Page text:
Dark Futures Book 7: On The Beach

Dark Futures is a 20-book exploration of the fears of our futures, an odd sub-genre of Science Fiction that draws in on the society of the time and projects it forward, into uncomfortable visions of the world to be. The idea is the same across many books, the results, very different.  This week we stoically face the inevitable as the world dies slowly. Yes, it is that cheerful.

If there is anything that Science Fiction pop-culture has given us in the last 50 years (aside from an urge to wield day-glo sticks that go “vwommm”) it’s a clear idea of what a nuclear holocaust would look like. Mushroom clouds, blasted cities, wasted and dazed survivors, barbarism, nuclear winter, nothing but the greys and browns of the ashes of civilisation. So I was unprepared for the visuals of On the Beach, a picture of the end of the world that takes place in bright sunshine, with vivid colours. Unprepared about that; and unprepared about everything else that came with it.

On the Beach opens in Melbourne, Australia, about a year after nuclear war engulfs the northern hemisphere, a small war between minor states escalating to a full-on firestorm between everyone, against everyone else. A lot of the weapons used are designed as area denial nukes, Cobalt-jacketed to coat areas in thick radioactive dust and kill everything with the misfortune to survive the blasts themselves. It’s a book that sets out its central premise very early – the dust clouds are coming south, slowly but irrevocably, and everything is dying in their path. Melbourne has a few months, give or take, before the clouds reach them, and there is no-where to run, and no escape to be had.

So we follow a handful of characters through their last few months of life. The captain of a US hunter-killer submarine, one of the last operational ships in the world due to her nuclear reactor,  an Australian Naval officer and his wife and daughter, a young woman the captain sort-of falls for, a mid-level scientist seconded to the sub’s exploration trips. No-one of consequence, pre-war; people able to be informed but not able to affect decisions. The whole book is essentially a character study of them, and their society, as it waits for death.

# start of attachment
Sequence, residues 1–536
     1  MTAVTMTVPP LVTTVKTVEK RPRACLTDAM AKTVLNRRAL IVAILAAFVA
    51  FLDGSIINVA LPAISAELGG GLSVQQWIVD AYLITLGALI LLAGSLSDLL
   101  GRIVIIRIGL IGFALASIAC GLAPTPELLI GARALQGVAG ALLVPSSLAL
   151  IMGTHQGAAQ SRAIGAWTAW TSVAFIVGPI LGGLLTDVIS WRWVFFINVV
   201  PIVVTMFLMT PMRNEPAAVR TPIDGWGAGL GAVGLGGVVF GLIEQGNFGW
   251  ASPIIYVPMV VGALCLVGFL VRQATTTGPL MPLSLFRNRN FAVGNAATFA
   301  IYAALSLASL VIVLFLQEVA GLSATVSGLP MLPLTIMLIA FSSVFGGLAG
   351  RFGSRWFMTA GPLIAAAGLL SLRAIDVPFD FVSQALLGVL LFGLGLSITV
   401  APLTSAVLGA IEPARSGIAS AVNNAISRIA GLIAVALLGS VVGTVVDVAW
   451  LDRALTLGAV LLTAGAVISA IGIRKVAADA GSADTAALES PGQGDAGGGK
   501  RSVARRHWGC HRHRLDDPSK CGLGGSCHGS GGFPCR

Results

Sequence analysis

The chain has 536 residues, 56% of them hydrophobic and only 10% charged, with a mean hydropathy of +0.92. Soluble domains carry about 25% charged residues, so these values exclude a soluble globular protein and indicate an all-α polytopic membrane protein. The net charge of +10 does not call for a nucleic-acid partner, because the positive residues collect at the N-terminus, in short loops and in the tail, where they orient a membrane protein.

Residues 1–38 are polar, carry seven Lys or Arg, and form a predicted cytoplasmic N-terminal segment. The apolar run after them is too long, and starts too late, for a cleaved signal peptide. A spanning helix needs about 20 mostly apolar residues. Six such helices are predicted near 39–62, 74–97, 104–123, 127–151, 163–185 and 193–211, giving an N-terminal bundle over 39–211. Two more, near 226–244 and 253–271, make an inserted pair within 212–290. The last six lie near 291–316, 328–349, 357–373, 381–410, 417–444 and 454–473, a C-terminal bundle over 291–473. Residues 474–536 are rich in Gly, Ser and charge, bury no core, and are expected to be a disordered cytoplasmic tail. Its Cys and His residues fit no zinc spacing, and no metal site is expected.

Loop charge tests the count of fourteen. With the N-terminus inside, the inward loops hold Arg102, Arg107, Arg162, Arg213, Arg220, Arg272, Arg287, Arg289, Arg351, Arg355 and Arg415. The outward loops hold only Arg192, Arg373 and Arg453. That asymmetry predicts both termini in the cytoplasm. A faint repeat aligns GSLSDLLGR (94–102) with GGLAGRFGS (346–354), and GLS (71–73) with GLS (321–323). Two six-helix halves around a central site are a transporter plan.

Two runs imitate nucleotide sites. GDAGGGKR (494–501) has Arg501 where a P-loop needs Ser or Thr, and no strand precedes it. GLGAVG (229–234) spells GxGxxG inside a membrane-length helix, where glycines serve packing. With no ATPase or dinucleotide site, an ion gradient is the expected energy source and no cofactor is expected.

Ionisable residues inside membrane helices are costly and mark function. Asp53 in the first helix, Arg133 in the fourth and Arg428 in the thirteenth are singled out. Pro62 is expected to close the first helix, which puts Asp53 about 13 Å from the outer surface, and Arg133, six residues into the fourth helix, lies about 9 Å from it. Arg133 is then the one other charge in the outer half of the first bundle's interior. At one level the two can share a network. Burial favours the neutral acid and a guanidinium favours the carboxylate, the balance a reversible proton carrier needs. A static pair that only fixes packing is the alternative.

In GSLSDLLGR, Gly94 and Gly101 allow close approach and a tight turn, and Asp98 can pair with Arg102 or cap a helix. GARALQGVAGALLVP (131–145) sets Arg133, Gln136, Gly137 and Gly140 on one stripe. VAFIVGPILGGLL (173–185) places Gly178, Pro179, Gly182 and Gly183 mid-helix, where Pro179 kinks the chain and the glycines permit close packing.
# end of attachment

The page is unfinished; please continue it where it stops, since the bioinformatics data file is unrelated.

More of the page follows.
The sub goes out on reconnaissance, but finds nothing, only still, empty towns and villages, closed up as if everyone had just stepped out for a moment, taking all the animals, and birds with them. Close your eyes and image that lingers is mankind swept seamlessly away by a silent, orderly death. Its’ all very stoic, actually – there is no chaos, no riots, just people, living their lives whilst they can, as best they can. A quiet acceptance of a destiny not of their own making – and a determination to meet it with dignity.

This is a hard book to read. Not because of its language, which is flowing and accessible, not its characters, who are well drawn and likeable, but because watching these characters struggle with this is hard. The captain cannot help but refer to his family in the present tense, the Australian officer is keen to be home from the sub missions “before”, suicide pills become available on prescription. It’s a civilisation checking the windows are closed and the doors are locked before finally turning in for the long night.

And, in a first for me, I cried at the end. Words that come to mind are “heartbreaking”, and “devastating”. It’s a powerful, disturbing book, in which, in fairness, very little happens other than it reaches out to the reader and hurts them to read. I can’t recommend it to people, frankly, because it is all just too horrible.  I can’t think of a better way to end this review however, than to use the same quote that Shute uses to open it with, from T S Eliots’ The Hollow Men:

This is the way the world ends
This is the way the world ends
This is the way the world ends
Not with a bang but with whimper

Next time:  A (hopefully) more upbeat story of faith and reconstruction in A Canticle for Leibowitz

Feedback, corrections and other comments welcome either here or by email to grampus(at)dissectingworlds(dot)com or on twitter @thegrampus. Earlier Reviews in this series can be found using the tag “Dark Futures” or the column name “Tolkien Gestures”.

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